1949 - 2017

Mary Spencer

Alberta, Alabama

After testing life in the Northeast, Mary Spencer returned to her birthplace, Rehoboth, where her family owns the only currently operating business, Abrams Grocery.

I was Mary Abrams, born in Rehoboth. This is where I was born in 1949. My mother's name was Daisy Pettway and my father's name was Otis Abrams. The Abrams store was started by my brother Johnny and my brother Otis Abrams Jr. My parents were farmers, farmed cotton, corn, peas, okra, watermelon, cucumbers. As soon as I got big enough to do something in the field, I started in the field, and went on until I was about sixteen. Then I left home, and was glad to leave to get out of the field.

I went to New York and lived with my two sisters up there. I got a job and went to work in a coat factory. I wasn't sewing, but was more like a "floor girl." I came back home when I was twenty-two. I just wanted to come home. Then I met my husband, Roosevelt Spencer, met him and from then on it was me and him. But we didn't farm. He worked in the pulpwood business.

I made my first quilts when I was real young, still at home, about twelve or thirteen. My mother made quilts and that's how I learned. When I first started out I was just putting pieces together, but later on I worked up at the quilting bee and come to prefer patterns. I had a bunch of old quilts, but my husband burnt them up back a while ago. We was thinking they was good for nothing.

This book and exhibition are part of a growing family of research projects about the African American community of Gee’s Bend, Alabama, and its quilts. Surrounded on three sides by a river, Gee’s Bend developed a distinctive local culture and quilt design aesthetic. In 2002 the inaugural exhibition The Quilts of Gee’s Bend documented these quiltmaking achievements. Expanding upon that initial exhibition and its accompanying publications, Gee’s Bend: The Architecture of the Quilt offers a deeper look into the women and their art, and a more focused investigation into the nature and inspirations—and future—of the Gee’s Bend quilt tradition.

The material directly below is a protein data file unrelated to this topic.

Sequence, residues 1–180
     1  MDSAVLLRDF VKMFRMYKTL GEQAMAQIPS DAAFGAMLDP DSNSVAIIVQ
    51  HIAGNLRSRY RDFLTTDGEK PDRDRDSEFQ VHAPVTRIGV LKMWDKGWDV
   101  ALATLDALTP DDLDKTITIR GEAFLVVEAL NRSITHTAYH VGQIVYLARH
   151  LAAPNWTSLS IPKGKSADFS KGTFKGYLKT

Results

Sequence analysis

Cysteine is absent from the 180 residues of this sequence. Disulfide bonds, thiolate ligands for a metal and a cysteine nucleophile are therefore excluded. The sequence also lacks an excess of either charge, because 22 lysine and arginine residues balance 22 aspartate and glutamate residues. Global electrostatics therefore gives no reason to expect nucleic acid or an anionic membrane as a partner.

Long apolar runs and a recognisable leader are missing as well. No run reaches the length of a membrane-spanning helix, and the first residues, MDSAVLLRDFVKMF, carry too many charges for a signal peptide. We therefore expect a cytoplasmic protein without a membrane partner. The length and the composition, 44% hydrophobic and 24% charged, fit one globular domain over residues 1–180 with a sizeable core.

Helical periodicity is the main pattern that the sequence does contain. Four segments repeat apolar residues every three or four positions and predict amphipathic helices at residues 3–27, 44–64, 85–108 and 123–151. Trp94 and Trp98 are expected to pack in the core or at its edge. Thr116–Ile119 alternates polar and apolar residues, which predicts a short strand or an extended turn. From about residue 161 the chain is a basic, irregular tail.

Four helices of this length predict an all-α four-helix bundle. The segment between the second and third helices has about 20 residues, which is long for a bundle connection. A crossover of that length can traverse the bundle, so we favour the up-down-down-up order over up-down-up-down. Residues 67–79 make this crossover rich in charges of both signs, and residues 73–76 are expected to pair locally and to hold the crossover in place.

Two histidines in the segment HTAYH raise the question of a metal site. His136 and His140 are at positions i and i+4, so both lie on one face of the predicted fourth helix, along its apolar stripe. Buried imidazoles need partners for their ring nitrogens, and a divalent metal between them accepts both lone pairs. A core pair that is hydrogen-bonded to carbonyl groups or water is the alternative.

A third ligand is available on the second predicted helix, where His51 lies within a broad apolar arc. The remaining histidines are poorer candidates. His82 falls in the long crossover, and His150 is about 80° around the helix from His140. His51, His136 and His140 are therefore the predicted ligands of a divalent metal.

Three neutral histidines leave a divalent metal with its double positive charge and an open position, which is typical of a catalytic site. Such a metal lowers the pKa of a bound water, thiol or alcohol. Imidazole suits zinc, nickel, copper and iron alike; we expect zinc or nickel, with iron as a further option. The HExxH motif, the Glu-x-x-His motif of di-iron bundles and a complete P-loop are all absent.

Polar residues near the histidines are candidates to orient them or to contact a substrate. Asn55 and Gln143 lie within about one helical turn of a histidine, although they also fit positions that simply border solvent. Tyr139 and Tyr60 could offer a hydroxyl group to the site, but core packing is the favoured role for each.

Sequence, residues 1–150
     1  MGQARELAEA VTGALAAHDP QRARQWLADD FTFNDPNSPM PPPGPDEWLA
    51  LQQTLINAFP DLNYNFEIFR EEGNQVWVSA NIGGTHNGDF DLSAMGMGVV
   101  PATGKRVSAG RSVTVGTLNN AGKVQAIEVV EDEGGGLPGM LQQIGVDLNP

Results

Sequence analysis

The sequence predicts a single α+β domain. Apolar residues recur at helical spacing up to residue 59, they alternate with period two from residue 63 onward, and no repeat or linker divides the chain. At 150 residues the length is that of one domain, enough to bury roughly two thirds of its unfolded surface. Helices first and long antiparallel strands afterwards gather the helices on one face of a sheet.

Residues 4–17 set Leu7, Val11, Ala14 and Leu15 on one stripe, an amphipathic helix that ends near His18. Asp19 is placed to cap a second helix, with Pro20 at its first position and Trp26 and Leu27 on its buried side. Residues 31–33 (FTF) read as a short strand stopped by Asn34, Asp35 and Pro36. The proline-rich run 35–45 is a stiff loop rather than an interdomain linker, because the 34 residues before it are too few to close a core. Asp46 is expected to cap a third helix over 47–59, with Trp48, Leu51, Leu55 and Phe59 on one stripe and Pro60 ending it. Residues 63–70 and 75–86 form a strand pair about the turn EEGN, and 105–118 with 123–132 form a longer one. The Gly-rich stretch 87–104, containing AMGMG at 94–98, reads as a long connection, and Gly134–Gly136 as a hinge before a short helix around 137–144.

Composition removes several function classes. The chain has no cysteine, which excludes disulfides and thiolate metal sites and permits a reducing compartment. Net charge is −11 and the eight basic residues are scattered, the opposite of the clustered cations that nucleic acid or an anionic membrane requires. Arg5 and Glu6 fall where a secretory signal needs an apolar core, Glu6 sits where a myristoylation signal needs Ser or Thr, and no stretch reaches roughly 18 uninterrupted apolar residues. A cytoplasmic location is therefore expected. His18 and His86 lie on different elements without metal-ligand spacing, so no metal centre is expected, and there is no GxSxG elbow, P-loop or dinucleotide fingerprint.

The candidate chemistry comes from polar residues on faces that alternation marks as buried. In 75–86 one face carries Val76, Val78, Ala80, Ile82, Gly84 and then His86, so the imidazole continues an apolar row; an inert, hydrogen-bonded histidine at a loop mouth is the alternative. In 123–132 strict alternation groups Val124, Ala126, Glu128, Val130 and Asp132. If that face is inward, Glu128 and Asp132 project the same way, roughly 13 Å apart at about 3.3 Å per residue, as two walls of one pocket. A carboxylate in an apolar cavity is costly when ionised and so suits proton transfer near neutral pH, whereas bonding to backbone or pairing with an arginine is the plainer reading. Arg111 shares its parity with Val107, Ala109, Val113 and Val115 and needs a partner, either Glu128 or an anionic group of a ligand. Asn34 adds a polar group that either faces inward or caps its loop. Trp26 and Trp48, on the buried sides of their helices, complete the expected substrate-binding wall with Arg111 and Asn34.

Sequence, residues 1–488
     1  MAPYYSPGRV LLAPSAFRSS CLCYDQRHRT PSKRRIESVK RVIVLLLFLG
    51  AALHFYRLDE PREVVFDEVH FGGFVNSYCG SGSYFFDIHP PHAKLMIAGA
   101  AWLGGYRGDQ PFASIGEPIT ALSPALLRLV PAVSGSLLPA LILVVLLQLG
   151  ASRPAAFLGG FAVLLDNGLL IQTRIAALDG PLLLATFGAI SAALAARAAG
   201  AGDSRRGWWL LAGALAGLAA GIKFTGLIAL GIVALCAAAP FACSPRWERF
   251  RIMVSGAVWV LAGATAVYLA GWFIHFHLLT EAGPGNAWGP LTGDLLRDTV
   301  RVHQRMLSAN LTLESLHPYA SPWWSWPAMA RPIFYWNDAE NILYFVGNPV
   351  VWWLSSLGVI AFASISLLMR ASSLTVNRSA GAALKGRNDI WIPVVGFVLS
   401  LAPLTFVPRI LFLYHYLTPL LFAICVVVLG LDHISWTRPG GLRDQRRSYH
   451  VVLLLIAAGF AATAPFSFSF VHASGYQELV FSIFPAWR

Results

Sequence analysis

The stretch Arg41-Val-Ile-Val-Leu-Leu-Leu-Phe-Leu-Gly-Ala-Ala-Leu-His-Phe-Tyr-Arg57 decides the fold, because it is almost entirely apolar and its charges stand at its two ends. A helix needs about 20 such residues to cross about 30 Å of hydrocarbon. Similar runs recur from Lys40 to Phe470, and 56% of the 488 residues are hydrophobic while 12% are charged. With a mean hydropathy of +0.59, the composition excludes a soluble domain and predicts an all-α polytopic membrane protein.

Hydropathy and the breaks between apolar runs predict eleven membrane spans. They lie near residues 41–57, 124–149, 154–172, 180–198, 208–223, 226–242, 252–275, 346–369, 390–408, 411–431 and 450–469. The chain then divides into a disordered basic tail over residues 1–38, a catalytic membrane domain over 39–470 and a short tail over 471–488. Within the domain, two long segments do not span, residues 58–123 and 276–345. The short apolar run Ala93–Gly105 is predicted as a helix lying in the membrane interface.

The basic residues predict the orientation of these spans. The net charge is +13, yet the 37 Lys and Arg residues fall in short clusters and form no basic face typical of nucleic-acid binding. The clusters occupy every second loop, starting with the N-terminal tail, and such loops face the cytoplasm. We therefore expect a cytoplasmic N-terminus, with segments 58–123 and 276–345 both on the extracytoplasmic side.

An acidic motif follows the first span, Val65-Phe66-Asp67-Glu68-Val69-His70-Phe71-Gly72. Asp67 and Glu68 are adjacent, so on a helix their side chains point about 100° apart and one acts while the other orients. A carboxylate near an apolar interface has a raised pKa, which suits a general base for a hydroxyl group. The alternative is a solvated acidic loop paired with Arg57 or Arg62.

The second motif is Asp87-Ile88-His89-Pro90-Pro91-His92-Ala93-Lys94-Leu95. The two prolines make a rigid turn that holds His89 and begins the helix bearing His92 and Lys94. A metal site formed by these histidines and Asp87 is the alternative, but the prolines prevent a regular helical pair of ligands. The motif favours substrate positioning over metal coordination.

Gee’s Bend quilts carry forward an old and proud tradition of textiles made for home and family. They represent only a part of the rich body of African American quilts. But they are in a league by themselves. Few other places can boast the extent of Gee’s Bend’s artistic achievement, the result of both geographical isolation and an unusual degree of cultural continuity. In few places elsewhere have works been found by three and sometimes four generations of women in the same family, or works that bear witness to visual conversations among community quilting groups and lineages. Gee’s Bend’s art also stands out for its flair—quilts composed boldly and improvisationally, in geometries that transform recycled work clothes and dresses, feed sacks, and fabric remnants.

The women of Gee’s Bend—a small, remote, black community in Alabama—have created hundreds of quilt masterpieces dating from the early twentieth century to the present. The Quilts of Gee’s Bend tells the story of this town and its art.

The Quiltmakers of Gee's Bend

This uplifting, Emmy-winning PBS film tells the modern-day "Cinderalla" story of the quiltmakers of Gee's Bend, Alabama. Artists born into extreme poverty, they live to see their quilts hailed by a The New York Times art critic as "some of the most miraculous works of modern art America has produced."